Shockwaves were sent around the world when Buckingham Palace announced that King Charles has been diagnosed with cancer, following his operation to treat an enlarged prostate.
The King has been praised for being open about his health, with his candid approach hopefully encouraging others to attend health screenings.
Testament to his strength, the Palace's statement read that the King will continue to undertake State business and official paperwork as usual.
With King Charles in our thoughts, we revisited his health history over the years, including Covid, polo injuries and more…
Double Covid diagnosis
King Charles worried the nation in March 2020, when he caught Covid before having any vaccinations.
He isolated at Birkhall, Aberdeenshire, away from Queen Camilla, who tested negative, and in the same way he's keeping up with his paperwork during his cancer treatment, King Charles continued to work at his desk when he had Covid.
The royal lost his sense of taste and smell but was otherwise well. He also caught Covid for a second time in February 2022, when he was triple-vaccinated.
An avid polo player, King Charles suffered several injuries at the hooves of horses, including one distressing incident which left him with back pain for life.
The accident, which distressed a young Prince Harry, took place in August 2001. King Charles was knocked unconscious and taken to hospital when his horse threw him off during a polo match.
He was stretchered off and taken by ambulance to hospital as a precautionary measure, and the Duke of Sussex wrote in Spare that his father would hang upside down at home to ease the pain that he was left in.
His 2001 ordeal was far from King Charles' first polo run-in, though.
In 1980 he was thrown and kicked by his pony during a polo match at Windsor and needed six stitches. A two-inch crescent scar on his left cheek bore witness to the incident.
1980 transpired to be an unlucky polo year for the then Prince, who collapsed at the end of a game in Florida and had to be put on a saline drip.
On another occasion he was hit in the throat during the game, causing him to lose his voice for 10 days.
In 1990, the royal broke his right arm in a fall during a polo match, then two years later he had an operation to repair torn cartilage in his left knee following another polo mishap.
In 1993 he was hurt once again during a game at Windsor, aggravating an old back injury.
He sought treatment again in 1998, undergoing laser keyhole surgery on his right knee cartilage due to wear and tear from years of sport and exercise.
He eventually retired from the game in 2005, but it wasn't just polo that saw him injured.
King Charles' sporting injuries
The royal sustained injuries during hunts, breaking a rib when he tumbled from his horse in a hunting accident in 1998 and fracturing a small bone in his shoulder after falling off his horse during a fox hunt.
King Charles also strained tendons in his wrist while salmon fishing in Scotland.
King Charles' swollen fingers
Over the years King Charles' swollen fingers have caused concern among royal watchers, and while the royal has joked about them, he's never addressed the cause.
His Majesty's swollen fingers could be for a number of reasons, from temporary fluid retention due to a sudden change in temperature to arthritis. Other causes of a "sausage" like finger can be high blood pressure, or even having a diet that is high in salt.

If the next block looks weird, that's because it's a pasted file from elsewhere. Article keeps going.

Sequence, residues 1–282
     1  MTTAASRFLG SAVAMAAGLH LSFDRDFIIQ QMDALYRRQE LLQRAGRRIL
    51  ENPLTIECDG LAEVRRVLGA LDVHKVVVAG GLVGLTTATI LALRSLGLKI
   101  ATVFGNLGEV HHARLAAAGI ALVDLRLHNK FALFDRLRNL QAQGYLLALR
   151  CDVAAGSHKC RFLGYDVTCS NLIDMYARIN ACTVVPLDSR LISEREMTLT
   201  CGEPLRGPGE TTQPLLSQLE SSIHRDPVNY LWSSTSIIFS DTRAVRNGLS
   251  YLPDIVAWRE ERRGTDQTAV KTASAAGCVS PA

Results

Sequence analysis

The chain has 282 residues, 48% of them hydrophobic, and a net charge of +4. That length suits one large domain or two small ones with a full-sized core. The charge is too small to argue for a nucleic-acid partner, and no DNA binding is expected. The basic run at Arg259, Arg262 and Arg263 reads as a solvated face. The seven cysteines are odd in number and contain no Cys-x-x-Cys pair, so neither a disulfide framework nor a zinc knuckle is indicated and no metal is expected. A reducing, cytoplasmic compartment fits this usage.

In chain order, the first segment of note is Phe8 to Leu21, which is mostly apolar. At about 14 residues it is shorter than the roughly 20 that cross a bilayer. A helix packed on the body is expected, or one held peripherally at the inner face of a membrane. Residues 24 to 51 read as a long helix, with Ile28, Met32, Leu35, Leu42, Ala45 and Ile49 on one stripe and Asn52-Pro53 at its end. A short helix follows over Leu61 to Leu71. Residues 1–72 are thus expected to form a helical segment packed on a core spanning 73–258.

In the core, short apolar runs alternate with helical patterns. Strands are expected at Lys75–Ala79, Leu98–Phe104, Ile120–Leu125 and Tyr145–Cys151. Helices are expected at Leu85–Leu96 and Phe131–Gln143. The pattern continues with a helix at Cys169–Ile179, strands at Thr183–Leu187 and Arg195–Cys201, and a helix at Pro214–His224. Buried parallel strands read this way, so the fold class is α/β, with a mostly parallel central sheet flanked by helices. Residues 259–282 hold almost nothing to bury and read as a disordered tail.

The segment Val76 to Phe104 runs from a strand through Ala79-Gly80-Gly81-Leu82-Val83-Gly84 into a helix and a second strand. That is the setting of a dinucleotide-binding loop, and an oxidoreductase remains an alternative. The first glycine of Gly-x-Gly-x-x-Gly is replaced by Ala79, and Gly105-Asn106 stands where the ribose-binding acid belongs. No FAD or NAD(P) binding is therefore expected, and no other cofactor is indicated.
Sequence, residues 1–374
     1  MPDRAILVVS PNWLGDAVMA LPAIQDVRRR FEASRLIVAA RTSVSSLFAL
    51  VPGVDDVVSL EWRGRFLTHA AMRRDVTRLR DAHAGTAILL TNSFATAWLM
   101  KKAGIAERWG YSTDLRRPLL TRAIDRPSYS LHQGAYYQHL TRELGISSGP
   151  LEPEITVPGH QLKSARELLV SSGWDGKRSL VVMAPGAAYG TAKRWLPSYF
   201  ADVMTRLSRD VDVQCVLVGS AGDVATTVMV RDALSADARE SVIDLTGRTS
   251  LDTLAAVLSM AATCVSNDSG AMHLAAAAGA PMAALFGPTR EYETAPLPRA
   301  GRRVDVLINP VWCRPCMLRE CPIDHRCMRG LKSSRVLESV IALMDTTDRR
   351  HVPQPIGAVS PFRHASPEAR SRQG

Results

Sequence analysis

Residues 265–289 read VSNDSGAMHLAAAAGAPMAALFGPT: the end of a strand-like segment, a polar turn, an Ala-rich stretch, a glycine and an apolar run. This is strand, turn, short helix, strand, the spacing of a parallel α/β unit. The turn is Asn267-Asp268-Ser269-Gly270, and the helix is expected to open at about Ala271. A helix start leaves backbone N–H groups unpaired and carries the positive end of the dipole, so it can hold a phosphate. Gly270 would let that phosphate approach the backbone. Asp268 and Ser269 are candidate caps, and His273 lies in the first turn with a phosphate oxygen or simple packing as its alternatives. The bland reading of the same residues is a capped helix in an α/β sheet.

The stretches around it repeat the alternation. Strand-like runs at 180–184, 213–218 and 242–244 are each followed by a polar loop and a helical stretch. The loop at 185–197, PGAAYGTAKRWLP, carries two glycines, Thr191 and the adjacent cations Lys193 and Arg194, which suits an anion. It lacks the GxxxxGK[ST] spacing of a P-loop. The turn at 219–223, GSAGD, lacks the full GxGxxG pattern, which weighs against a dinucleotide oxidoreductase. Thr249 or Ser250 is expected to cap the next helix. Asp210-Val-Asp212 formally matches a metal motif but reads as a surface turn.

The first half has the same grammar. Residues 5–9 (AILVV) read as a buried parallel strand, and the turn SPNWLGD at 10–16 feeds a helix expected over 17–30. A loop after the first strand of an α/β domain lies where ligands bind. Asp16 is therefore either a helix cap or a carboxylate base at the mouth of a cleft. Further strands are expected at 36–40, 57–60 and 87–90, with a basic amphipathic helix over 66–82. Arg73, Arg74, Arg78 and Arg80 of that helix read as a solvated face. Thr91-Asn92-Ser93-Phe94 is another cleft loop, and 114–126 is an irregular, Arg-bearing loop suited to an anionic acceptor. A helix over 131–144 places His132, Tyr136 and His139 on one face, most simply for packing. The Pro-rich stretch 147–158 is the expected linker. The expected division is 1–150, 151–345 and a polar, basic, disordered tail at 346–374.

The symptom of "sausage fingers" is actually linked to Dactylitis, a secondary disease that can be caused by a number of conditions and infections, most commonly psoriatic arthritis.
Many royal fans may be questioning whether his fingers are any indication of his recent cancer diagnosis, which Charles announced in February 2023. Buckingham Palace confirmed that doctors noted a "separate issue of concern" when the King had gone into hospital for treatment for an enlarged prostate in January. Although the specific kind of cancer has not been revealed, Buckingham Palace confirmed that it wasn't prostate cancer.
Finger clubbing can be a symptom of lung cancer, while cancer treatment can cause lymphedema which is swelling in the arms, hands or legs. Charles has started "a schedule of regular treatments" but it's unlikely his fingers are a result of his recent cancer diagnosis or treatment since they predate the health matter by several years.
King Charles' sore eye
In 2001, King Charles was seen sporting an eye patch for several public engagements after he got a large amount of dust in his eye while sawing a tree in his garden.
Following the gardening mishap, the then 52-year-old had to undergo hospital treatment, which resulted in his pirate-like protection.
He also fell foul of his garden back in 1986, accidentally hitting his thumb with a mallet and breaking his finger, almost severing the tip.
"He was gardening, planting a tree," a palace spokesperson said at the time. "He was putting a stake in the ground when the hammer slipped and hit his finger."
Growth-removal and hernia issues
In 2008 King Charles had a non-cancerous growth removed from the bridge of his nose in a minor procedure, while in 2003 had a hernia operation at the private King Edward VII’s Hospital in London.
He joked, "hernia today, gone tomorrow," to waiting media after being discharged the next day.
King Charles' health run-ins began young, when as a child he was rushed to Great Ormond Street Hospital to stop his appendix from "exploding" as he put it.
Charles’s appendix procedure took place in February 1962 when he was 13.
He declared on a later visit to the hospital: "I got here just in time before the thing exploded and was happily operated on and looked after by the nurses."
We hope the king is being equally well looked after during his current treatment.